Low-Carbohydrate Diet Score and All-Cause Mortality in Patients With CKD

Obesity and being overweight is the fifth leading cause of mortality worldwide, resulting in the growing popularity and mainstream use of low-carbohydrate diets (LCDs) as a way to lose weight. While previous studies have demonstrated the effectiveness of LODs to produce short-term weight loss and improvements in several risk factors for cardiovascular disease, such as insulin resistance and cholesterol levels, the long-term safety of adhering to a LCD remains controversial.

Most of the previous studies of the safety and long-term effectiveness of LCDs were conducted in the general population and focused on the effects of the dietary components rather than the health conditions of individuals who adhere to a LCD. Diets lower in carbohydrates and higher in protein and fat than more balanced diets may pose the risk of nephrotoxicity, in addition to concerns that saturated fats are risk factors for atherosclerosis, creating the possibility that LCDs pose particular problems for individuals with chronic kidney disease (CKD).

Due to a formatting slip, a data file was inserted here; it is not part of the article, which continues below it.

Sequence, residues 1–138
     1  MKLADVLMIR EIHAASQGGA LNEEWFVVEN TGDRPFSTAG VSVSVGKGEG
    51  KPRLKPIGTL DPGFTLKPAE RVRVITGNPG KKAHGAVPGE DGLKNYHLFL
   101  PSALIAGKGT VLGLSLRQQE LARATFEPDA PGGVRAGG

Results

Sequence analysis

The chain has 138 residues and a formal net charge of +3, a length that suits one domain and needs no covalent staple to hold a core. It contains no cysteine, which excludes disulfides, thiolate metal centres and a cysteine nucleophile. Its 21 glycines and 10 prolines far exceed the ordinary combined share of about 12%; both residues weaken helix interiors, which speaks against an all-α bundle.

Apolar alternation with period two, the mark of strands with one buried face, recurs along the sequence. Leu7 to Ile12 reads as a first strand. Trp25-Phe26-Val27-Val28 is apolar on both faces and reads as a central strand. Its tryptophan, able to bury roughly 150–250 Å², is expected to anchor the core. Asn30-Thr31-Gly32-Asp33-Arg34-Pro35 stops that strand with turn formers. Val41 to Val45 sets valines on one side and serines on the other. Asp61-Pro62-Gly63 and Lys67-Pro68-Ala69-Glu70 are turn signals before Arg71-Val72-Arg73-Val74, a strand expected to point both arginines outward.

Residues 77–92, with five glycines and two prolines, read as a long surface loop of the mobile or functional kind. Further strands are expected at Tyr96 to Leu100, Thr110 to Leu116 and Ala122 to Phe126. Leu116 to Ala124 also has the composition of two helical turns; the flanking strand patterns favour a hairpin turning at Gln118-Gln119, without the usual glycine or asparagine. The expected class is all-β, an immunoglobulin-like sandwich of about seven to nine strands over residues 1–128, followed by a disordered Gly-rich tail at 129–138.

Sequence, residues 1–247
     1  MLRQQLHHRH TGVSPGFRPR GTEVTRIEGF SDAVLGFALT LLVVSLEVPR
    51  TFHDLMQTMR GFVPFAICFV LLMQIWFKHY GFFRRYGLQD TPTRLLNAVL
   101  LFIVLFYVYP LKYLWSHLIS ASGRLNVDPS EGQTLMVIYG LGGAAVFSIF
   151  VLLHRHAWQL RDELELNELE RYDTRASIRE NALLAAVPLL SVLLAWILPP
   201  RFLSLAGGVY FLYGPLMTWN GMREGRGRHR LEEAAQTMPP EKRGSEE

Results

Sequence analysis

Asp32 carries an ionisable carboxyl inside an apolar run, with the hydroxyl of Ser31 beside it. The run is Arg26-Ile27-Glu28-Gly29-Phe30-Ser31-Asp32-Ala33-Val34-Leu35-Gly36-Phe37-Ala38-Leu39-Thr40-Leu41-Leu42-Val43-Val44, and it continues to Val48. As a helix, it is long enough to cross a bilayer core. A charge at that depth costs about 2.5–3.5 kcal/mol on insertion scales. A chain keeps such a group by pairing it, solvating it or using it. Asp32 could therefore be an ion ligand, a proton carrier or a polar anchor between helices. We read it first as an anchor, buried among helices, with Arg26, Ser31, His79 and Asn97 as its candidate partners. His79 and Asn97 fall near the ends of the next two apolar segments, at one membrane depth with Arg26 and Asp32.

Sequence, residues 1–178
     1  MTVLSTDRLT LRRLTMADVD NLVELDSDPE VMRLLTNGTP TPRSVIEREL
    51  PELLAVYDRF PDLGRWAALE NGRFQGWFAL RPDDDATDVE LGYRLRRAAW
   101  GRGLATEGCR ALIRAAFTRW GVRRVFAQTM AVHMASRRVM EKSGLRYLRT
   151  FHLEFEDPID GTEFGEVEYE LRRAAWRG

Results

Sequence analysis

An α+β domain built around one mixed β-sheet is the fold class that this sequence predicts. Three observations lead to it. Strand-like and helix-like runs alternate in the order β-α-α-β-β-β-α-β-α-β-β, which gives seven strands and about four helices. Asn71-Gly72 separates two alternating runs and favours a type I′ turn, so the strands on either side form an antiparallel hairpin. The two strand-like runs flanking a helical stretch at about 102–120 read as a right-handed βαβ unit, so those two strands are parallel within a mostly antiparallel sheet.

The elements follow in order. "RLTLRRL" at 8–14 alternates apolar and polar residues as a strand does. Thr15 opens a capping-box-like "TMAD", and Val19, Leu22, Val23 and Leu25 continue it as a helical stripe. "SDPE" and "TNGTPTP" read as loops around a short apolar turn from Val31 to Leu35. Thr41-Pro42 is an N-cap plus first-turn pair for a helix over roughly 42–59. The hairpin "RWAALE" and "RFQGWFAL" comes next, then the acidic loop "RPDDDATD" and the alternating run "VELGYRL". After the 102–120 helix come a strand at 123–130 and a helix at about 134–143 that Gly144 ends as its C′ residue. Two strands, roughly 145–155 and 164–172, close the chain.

Nanhui Zhang, MD, and colleagues conducted a study designed to examine the association of LCD with all-cause mortality among individuals with and without CKD. Results of the study were reported in the Journal of Renal Nutrition [2022;32(3):301-311].

The study utilized data from the Third National Health and Nutrition Examination Survey (NHANES III), a nationally representative sample of the noninstutionalized US population conducted between 1988 and 1994 by the National Center for Health Statistics of the Centers for Disease Control and Prevention. The study cohort included nonpregnant adults >20 years of age who had (1) complete data on total nutritional intake obtained from dietary interview (n=15,358); (2) complete data on serum creatinine, urine creatinine, and albumin (n=14,388); (3) CKD, defined as an estimated glomerular filtration rate (eGFR) <90 mL/min/1.73 m2 or urinary albumin-to-creatinine ratio ≥30 mg/g (n=2072); and (4) total caloric intake per day between 800 and 4200 kcal per day for men and between 500 and 3500 kcal per day for women (n=1954).